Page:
The Buffalo Bills are in a Super Bowl window.
Yeah, that’s right, I said it. Super Bowl window, folks.
For the first time in my adult life, uttering those words aren’t for the retweets or for the sake of scorching hot takes. Which means we’re going to have a serious conversation about the Bills entering the 2020 season with similar or better Super Bowls odds than the Green Bay Packers, Pittsburgh Steelers, Seattle Seahawks and Philadelphia Eagles.
I hope you enjoyed reading that last sentence as much as I enjoyed writing it.
The fact of the matter is the Bills were fighting for a bye week heading into Week 15 last season. Uh huh, meaningful December football for the first time in two decades. Wins in their final two games against the New England Patriots and New York Jets might have put the Bills in the driver seat to host a playoff game. Just remember all this context as we dive into their 2020 outlook.
We also can’t ignore that the moves made by other elite AFC teams either, so before we get into the Bills, let’s first take a look at the offseason that a few key AFC teams have had thus far that may have something to say about the Bills becoming legitimate AFC contenders:
That playoff loss to the Tennessee Titans likely revealed some flaws in Greg Roman's offense once they were forced to play from behind. The problem is the Ravens were so efficient offensively that it was extremely difficult to get ahead and put them in an uncomfortable position. The Ravens have yet to add significant pieces on offense outside of tight end Mark Andrews, and will need to find a legit No. 1 wide receiver to compliment Marquise "Hollywood" Brown, who enters his second season following a solid rookie campaign.
They’ll have a deep draft of wide receivers to look to, but the Ravens decided to invest heavily into their defensive line. However, they saw the signing of Michael Brockers fall through as he returns to the Los Angeles Rams.
It will be interesting to see how NFL defenses will adjust to the league's best rushing attack in 2020. They’ll need to layer in a more dynamic passing offense (yes, I know it was really good last year) if they want to take a step past the Kansas City Chiefs in 2020.
They took major strides defensively last season, which was ultimately the reason they were able to get over the hump. Bringing back Chris Jones was a major move to keep that defense intact for 2020 and I expect them to challenge for another Super Bowl in 2020.
Coaching is key here, and head coach Frank Reich is one of the best offensive minds in football who will now have a quarterback capable of running his offense effectively.
We’ll see if the DeForest Buckner trade and Xavier Rhodes signing help this defense back to their 2018 form and take a step in the AFC this upcoming season. I know I like their chances.
They have revamped the offensive line with the additions of Trai Turner and Brian Bulaga, but losing Melvin Gordon will have an effect on their running game and the team will likely look to re-tool outside of Austin Ekeler in the draft. Watch out for the Los Angeles Chargers.
Don’t we say that every year?
I cannot take anything away from what the Titans were able to do in 2019. Having said that, they shelled out money to quarterback Ryan Tannehill, who is bound for a major regression in 2020, and running back Derrick Henry. Henry was the work horse of that offense last season, but power running in today’s NFL doesn’t scream sustained success, and we know Tannehill is never going to play at the level he did for several weeks last season. The sample size is just too big to make me think otherwise. Don’t count me among the believers.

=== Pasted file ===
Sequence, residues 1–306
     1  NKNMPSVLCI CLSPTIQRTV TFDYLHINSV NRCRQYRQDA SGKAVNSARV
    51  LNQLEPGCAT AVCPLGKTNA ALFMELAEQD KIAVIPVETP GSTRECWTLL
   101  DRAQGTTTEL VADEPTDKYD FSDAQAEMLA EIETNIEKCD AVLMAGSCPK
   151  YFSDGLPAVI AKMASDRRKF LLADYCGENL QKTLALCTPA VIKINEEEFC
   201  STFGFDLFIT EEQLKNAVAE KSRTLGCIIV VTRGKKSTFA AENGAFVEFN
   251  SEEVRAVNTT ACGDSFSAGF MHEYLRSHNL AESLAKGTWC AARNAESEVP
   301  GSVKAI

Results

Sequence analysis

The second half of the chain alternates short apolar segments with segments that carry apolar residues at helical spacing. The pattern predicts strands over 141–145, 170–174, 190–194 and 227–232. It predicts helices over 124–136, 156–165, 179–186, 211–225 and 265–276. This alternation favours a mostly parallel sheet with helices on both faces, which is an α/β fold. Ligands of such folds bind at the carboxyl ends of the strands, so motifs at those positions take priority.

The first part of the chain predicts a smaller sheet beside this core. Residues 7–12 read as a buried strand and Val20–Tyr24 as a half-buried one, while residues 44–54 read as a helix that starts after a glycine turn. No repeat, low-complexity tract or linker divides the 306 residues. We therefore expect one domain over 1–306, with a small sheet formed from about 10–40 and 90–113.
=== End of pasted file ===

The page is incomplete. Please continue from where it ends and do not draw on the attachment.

Finally, the most important factor standing in the way of a Bills Super Bowl run: Josh Allen.
I don’t want that to sound harsh. He’s not a roadblock, but his success in 2020 is easily the most critical factor for any sort of short- or long-term success. I’d argue that 95% of people on the outside looking in are either rooting against Allen or predicting he’ll, at least, fail in 2020. Not that that’s anything new, it’s just interesting to me that even after a very solid second season, most are unwilling to buy in that his third year will be his best yet.
Bills general manager Brandon Beane isn’t taking any chances, though. Adding wide receiver Stefon Diggs was a monumental move, and one that has put the Bills squarely into this Super Bowl window. It’s the move good teams make to try to be great. It’s the move that removes all excuses for their young signal caller.
Allen is, arguably, the Bills' most consequential player in more than three decades, with more riding on his success than just about any young quarterback in football that I can remember. His success would go against nearly every advanced statistic, and for that, I think he’s incredibly easy to root for.
Unlike most though, I’m not ready to frame this conversation around what they do if Allen fails. Will Allen fail to take his third-year step and be considered a top-10 quarterback? The prognosticators, the numbers and history alone suggest no, he will not. In fact, it’s probably more likely that someone not named Josh Allen will be starting at quarterback for the Bills in 2021.
But you know what, I’m ready to get hurt again. For the first time, there’s competence trickling down from the top. If this quarterback fails, I don’t believe the general manager or head coach get fired. That’s not exactly a given anywhere else in the league these days.
With all that said, my message is this: enjoy this window.
Most times, they just don’t last, and all you have to do is look to the Rams or the Atlanta Falcons for prime examples of just how short those windows can be.
I’m just happy to be here, and I look forward to sharing this experience with all of you who simply haven’t been here before. It should be fun.